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Carolinas a good example for Cincy.


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Just two short years ago we had company in the cellar with Carolina. Now they're in the Super Bowl. What factors define the incredible change of fortunes for the Panthers? I can't imagine it was just one thing. Did they have the most incredible draft in the history of the NFL draft, or did they hit the mother lode of all mother lodes in the free agent market? I really don't see the entire picture, but I have to admit it's a Cinderella story. Just as Josh said in his "Fox on the prowl" front page article.

What are all the facts? :blink:

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It isn't just one thing between the 2001 and 2003 Panthers, but I think it really does come down to one thing between 2003 Panthers and the 2003 Bengals: defense. Specifically, the defensive line. In 2002, Carolina selected Julius Peppers, a defensive end from North Carolina, No. 2 overall. That said one thing: defense matters here. The rest of the pieces followed, but that selection was key.

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I like New England (still!) but I'm not going to bet. I've only bet three times on sports ever, all this year, and all three losses. Besides, I think this one might be a nail-biter. NE has it in them to blow people out (ask Buffalo), but they are usually looking to just get a lead and then hold it. Carolina shouldn't mind that - they like to stay close and wear down a defense until the end - so that's what I expect to see... and a game like that could go either way.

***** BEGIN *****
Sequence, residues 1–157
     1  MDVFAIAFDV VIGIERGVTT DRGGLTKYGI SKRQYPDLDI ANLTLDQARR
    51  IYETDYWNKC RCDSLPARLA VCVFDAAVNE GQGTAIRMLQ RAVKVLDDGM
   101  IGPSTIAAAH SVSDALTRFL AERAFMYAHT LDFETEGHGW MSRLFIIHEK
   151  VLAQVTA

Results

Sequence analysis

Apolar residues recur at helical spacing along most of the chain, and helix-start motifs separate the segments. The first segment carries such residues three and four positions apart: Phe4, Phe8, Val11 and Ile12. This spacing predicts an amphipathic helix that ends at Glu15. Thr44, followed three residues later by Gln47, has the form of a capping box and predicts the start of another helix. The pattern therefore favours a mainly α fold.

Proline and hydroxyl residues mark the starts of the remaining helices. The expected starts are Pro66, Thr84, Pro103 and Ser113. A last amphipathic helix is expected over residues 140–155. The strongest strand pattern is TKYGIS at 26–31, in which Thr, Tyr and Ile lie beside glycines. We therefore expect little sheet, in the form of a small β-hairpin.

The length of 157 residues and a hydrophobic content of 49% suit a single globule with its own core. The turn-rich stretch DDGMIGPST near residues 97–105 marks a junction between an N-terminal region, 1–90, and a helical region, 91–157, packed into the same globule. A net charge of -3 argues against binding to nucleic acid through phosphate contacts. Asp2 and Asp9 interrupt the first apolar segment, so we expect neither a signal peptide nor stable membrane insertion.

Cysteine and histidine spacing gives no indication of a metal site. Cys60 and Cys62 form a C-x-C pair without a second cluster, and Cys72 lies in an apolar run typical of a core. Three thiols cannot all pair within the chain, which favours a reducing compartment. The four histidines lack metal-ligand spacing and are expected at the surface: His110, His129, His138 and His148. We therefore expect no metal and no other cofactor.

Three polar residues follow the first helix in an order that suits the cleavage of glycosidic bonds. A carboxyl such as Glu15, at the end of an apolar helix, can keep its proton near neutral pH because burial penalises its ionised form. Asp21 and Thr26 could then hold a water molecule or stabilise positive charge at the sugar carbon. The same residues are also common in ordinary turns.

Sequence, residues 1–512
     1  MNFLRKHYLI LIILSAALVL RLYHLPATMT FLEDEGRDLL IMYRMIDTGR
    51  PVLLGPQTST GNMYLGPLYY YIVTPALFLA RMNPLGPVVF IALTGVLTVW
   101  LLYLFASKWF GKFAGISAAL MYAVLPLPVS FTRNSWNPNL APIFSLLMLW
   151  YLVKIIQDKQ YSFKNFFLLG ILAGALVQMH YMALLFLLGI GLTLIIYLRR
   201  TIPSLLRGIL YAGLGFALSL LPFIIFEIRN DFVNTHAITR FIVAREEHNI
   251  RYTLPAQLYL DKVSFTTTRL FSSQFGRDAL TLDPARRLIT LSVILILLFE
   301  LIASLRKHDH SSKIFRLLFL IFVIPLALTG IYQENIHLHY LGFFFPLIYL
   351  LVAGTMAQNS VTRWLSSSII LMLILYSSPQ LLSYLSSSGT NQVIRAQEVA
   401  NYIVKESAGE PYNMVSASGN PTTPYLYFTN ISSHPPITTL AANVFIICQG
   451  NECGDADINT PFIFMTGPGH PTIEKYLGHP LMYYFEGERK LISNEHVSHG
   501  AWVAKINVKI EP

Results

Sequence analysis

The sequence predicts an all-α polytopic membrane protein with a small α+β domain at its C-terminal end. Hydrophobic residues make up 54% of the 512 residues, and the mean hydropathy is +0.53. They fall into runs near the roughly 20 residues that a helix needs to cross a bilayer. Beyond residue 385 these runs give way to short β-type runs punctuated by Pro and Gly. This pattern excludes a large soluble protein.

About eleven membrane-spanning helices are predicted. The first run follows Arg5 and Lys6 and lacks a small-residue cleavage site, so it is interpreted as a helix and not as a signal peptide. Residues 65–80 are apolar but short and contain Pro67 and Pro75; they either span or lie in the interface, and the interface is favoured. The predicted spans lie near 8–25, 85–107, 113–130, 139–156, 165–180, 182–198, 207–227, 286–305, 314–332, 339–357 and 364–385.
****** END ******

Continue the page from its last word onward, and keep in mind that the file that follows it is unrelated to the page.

As for Cincy's top picks, here's my theory: Paul Brown used to be able to find little-known players and get great performances out of them, because he had a gift for recognizing football talent. Mike Brown wants to do the same thing, but because he doesn't have the gift, when he tries he selects mediocre talent that crumbles under the burden of trying to be great.

Now, I don't know if Palmer is going to be any different, but his whole situation "smells" different to me. Picking Palmer wasn't "clever", it was the obvious thing to do; and he has no reason to complain about pressure, since he sat for the whole year. It seems to me as though Mike Brown had nothing to do with it - if so, maybe that pick will work out.

Of course, I could be wrong about any and all of that...

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Palmer was by far the easiest choice to make last year. Even if we hadn't drafted him,and still gone 8-8. Kitna's best year would only be self evident that it's the best that he's ever going to do,and a quarterback of the future would still be a need.

Only this year, we'd be picking from the middle of the pack,and would have to give up too much to get a Manning or a Roethlesberger.

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Palmer was by far the easiest choice to make last year. Even if we hadn't drafted him,and still gone 8-8. Kitna's best year would only be self evident that it's the best that he's ever going to do,and a quarterback of the future would still be a need.

Only this year, we'd be picking from the middle of the pack,and would have to give up too much to get a Manning or a Roethlesberger.

The quarterback situation and free agent vs draft pick can be seen in the results that were achieved in Buffalo this year. Buffalo gave their 1st round draft choice to New England for Drew Bledsoe. After some of the media questioned the wisdom of that, Tom Donahoe said that its the same as saying this year our #1 pick was Drew Bledsoe.

Fast forward a year, and you see that Buffalo has a nicked up, not so young, starting quarterback and an older back up as well. No talented young quarterback on the team to develop, and not a high enough draft pick to get one this year.

We can and have debated the Palmer vs Kitna quandry on and on ad nauseum. Both points of view have their upside and their drawbacks. Given all that, I'd still rather have our problem than theirs.